The Speaker of the House of Commons (John Bercow) delivers some interesting articulations of “order order!” – the phrase which is most commonly used to bring members to order. Here are five examples all with different stress, intonation, length and loudness. The first one (01) is the normal rendition.

You can listen to the samples here. Each sample is described in more detail below.

01 SP: ⇘ORder ((/ˈɔːdə/))
02 SP: mister Jacob- ⇘ORde::r (.) mister Ja-
03 SP: ⇘ORder (.) ⇘ORder
04 SP: ⇘ORde::r (.) ⇗orDER
05 SP: I was ORde:::r

 

Bercow really should be on the stage with a voice like this! Here’s a link to a poem written in honour of him.


01.

01 SP: ⇘ORder ((/ˈɔːdə/))

A typical delivery by the Speaker when calling the house to order. Tonic stress is on the first syllable. Intonation is falling. No elongation of syllables.

02.

02 SP: mister Jacob- ⇘ORde::r (.) mister Ja-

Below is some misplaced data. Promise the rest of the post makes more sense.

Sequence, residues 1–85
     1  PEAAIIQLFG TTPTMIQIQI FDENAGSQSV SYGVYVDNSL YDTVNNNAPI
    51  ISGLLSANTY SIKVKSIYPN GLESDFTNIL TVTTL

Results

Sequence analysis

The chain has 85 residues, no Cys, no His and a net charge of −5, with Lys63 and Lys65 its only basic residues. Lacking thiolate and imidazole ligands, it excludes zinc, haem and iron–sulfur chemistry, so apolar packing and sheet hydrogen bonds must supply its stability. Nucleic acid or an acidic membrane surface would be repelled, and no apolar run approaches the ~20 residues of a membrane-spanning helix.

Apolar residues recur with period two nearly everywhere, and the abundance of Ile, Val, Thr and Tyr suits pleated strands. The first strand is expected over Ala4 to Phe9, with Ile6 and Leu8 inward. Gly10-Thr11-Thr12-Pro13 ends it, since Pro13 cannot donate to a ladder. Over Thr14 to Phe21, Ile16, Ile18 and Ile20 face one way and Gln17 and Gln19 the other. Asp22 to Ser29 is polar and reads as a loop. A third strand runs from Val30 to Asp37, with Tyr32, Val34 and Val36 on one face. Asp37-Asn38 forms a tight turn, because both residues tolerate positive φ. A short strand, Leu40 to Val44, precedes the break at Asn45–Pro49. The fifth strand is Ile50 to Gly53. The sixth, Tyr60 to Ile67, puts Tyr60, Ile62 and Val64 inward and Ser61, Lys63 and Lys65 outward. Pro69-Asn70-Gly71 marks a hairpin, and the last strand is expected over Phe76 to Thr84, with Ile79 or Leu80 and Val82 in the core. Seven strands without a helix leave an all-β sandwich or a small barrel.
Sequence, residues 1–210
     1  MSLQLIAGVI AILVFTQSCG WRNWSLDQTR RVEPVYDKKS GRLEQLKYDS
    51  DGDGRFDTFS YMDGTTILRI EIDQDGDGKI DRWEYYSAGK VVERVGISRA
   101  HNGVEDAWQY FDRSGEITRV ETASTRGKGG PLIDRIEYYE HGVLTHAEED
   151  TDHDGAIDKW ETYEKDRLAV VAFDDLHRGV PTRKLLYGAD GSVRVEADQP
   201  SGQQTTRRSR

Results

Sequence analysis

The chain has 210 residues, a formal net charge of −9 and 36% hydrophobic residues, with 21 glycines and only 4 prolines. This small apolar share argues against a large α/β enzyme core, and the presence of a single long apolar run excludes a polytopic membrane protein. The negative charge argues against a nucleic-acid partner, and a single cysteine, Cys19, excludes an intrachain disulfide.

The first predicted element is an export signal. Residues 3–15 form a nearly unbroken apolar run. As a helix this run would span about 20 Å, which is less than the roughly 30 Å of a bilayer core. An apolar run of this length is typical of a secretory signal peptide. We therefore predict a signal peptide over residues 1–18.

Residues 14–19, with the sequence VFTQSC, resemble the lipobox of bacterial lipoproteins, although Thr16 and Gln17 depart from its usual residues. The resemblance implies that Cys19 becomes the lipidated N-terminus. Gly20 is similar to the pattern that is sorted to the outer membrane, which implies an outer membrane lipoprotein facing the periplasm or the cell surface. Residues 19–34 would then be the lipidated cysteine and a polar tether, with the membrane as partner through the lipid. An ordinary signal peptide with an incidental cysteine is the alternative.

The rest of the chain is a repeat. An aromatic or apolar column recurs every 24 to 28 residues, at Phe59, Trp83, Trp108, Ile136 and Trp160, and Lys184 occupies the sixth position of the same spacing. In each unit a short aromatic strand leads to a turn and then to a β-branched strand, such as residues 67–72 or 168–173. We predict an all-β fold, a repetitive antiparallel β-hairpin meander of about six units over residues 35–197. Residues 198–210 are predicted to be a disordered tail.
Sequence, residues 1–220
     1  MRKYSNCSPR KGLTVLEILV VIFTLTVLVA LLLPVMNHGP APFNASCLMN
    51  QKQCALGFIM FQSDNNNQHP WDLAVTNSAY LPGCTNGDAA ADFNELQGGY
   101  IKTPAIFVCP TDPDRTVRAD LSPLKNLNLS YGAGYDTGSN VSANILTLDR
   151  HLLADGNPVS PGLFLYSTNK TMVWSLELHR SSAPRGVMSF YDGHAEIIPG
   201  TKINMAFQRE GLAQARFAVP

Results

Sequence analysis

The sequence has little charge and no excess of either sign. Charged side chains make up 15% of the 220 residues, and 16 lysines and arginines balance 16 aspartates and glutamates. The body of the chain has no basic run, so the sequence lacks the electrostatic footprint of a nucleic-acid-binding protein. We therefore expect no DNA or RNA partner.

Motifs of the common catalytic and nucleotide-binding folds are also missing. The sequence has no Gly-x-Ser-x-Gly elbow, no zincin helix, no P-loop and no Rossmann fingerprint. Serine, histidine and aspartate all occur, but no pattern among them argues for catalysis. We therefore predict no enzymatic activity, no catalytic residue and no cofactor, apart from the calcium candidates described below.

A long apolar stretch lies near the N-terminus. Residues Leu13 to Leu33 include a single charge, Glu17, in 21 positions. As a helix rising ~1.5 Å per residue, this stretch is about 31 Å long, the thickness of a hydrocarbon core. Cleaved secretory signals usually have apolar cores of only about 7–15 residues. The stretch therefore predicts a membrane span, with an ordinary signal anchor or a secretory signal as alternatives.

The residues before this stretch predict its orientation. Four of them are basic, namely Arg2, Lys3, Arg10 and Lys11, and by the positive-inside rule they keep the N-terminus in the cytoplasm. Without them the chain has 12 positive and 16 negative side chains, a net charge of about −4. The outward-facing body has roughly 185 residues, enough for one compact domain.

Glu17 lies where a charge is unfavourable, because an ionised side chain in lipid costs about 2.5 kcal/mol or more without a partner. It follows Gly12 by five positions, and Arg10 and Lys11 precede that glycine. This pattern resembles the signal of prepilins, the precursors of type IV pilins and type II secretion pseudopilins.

Tonic syllable is first syllable but second syllable gets elongated and delivered at low pitch (less than 100 Hz) with a gravelly (creaky) voice. Note also the longer hold of the alveolar stop /d/ to separate syllables.

03.

03 SP: ⇘ORder (.) ⇘ORder

Falling intonation on both articulations but a much great fall from a higher starting pitch than in 01.

04.

04 SP: ⇘ORde::r (.) ⇗orDER

Falling intonation on first articulation and elongation of second syllable. But then an interesting reversal in the second articulation where the second syllable becomes the tonic and we have rising intonation.

05.

05 SP: I was ORde:::r

Extra elongation of second syllable by up to three beats. Loudness and high pitch.

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